It wasn’t until college, when I met friends from all over and got interested in sampling and producers, that I really started listening to hip-hop from New York City, and that’s when “Illmatic” ascended into my list of personal favorite albums. Not only was Nas an otherworldly lyricist, but the beats — provided by DJ Premier, Pete Rock, LES, Q-Tip from A Tribe Called Quest and Large Professor — are unassailable. I do remember seeing the video for “It Ain’t Hard to Tell” and loving the record, but it didn’t make me want to listen to “Illmatic.” But even today, “It Ain’t Hard to Tell” is still my favorite record on the album. Nas’ wordplay and flow on the song is seared in my mind. When I did spend time trying to write rhymes, I always wanted to be as good as Nas on that song. 

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I don’t know if it’s the elder statesman stage of life I’ve entered, but I truly appreciate that so much of the music that shaped my teenage years still holds up well and is still worthy of discussion. The debates don’t matter anymore; “Illmatic” is one of the most important albums of the genre. You could teach a semester’s worth of classes on this album and the perspective and ability of Nas to take his environment and craft such striking narratives, within a hip-hop framework. Nas is now and will always be considered one of the greatest to have ever touched a microphone; to think he wrote this album as a teenager is scary. 

When I did dig into the album shortly after starting college, I viewed Nas as a rapper whose writing all rappers should aspire to, and I still feel this way about the album. When I have discussions with younger people (nephews, students) about hip-hop, my default is to have them listen to “Illmatic” purely for the lyricism and Nas’ ability to build and explain a world from a project window. “N.Y. State of Mind” is a song so many rappers have aspired to make for a reason: It feels like New York City. I felt like Queensbridge was a place I needed to understand in order to understand New York City. While that proved to be untrue for my life, the fact that an album could place me somewhere I’d never been impressed me, even today.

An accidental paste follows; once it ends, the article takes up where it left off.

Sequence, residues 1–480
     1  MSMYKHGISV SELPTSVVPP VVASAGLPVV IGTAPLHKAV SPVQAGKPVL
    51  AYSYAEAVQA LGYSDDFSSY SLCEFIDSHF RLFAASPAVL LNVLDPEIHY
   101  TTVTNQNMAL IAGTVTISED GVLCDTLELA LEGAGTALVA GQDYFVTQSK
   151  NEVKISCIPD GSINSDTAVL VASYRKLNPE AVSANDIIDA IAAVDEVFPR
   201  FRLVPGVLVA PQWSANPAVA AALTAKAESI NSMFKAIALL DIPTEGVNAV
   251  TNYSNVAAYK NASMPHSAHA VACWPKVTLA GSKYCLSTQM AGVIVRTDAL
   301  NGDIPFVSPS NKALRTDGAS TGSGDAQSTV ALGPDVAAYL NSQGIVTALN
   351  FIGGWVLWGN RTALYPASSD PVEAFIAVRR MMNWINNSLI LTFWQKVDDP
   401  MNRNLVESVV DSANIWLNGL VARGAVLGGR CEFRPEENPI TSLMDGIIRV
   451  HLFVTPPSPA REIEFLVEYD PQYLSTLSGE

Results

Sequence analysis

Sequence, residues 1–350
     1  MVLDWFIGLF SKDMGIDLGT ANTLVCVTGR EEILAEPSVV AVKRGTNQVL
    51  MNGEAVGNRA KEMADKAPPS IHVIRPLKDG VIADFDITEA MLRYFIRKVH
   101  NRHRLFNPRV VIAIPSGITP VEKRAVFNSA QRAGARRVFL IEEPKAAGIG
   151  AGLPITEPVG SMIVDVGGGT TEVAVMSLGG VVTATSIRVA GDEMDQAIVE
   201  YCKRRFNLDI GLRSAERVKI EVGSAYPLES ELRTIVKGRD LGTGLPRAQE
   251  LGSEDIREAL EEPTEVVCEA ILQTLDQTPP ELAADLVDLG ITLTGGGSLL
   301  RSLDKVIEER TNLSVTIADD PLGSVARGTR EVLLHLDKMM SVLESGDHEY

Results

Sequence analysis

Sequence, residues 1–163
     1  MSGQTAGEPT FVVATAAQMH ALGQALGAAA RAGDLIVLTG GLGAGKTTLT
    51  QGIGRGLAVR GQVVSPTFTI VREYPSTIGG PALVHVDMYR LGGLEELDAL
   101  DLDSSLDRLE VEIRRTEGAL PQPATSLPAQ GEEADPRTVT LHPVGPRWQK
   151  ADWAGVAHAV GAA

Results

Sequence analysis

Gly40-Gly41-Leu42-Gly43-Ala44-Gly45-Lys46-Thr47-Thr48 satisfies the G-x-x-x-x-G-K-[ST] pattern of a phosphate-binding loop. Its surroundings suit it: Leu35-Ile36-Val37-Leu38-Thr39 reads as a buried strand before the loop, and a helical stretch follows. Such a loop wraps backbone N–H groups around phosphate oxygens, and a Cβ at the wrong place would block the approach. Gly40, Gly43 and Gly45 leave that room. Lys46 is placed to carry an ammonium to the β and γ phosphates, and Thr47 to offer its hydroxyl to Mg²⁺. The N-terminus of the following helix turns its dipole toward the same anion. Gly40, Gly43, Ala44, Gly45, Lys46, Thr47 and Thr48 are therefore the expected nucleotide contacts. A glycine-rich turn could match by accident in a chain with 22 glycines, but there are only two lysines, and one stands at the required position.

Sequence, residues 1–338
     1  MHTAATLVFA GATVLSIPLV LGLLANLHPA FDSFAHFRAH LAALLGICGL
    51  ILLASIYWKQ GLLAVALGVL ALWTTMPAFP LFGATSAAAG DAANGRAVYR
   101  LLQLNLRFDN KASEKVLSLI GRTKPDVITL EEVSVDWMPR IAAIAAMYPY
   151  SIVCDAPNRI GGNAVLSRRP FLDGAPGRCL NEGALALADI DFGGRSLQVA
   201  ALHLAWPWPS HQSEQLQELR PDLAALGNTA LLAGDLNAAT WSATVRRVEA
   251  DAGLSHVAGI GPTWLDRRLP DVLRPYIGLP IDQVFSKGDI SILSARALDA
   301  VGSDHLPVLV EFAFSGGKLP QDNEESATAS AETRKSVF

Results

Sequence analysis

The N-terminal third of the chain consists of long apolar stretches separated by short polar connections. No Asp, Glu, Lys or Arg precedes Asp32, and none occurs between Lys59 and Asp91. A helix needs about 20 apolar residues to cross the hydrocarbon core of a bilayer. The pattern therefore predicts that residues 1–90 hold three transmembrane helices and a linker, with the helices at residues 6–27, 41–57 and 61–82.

It’s even more impressive that Nas is still a top-tier lyricist; that talent cannot be overstated enough. While I have no idea what a DJ Premier and Nas album might ultimately sound like, I’m forever thankful for what the two of them gave us on “Illmatic,” what Nas unleashed onto the world and how it helped shape my hip-hop education. 

Represent, represent. 

Panama Jackson

Panama Jackson is a columnist at theGrio. He writes very Black things, drinks very brown liquors, and is pretty fly for a light guy. His biggest accomplishment to date coincides with his Blackest accomplishment to date in that he received a phone call from Oprah Winfrey after she read one of his pieces (biggest), but he didn’t answer the phone because the caller ID said: “Unknown” (Blackest).

Make sure you check out the Dear Culture podcast every Thursday on theGrio’s Black Podcast Network, where I’ll be hosting some of the Blackest conversations known to humankind. You might not leave the convo with an afro, but you’ll definitely be looking for your Afro Sheen! Listen to Dear Culture on TheGrio’s app; download it here.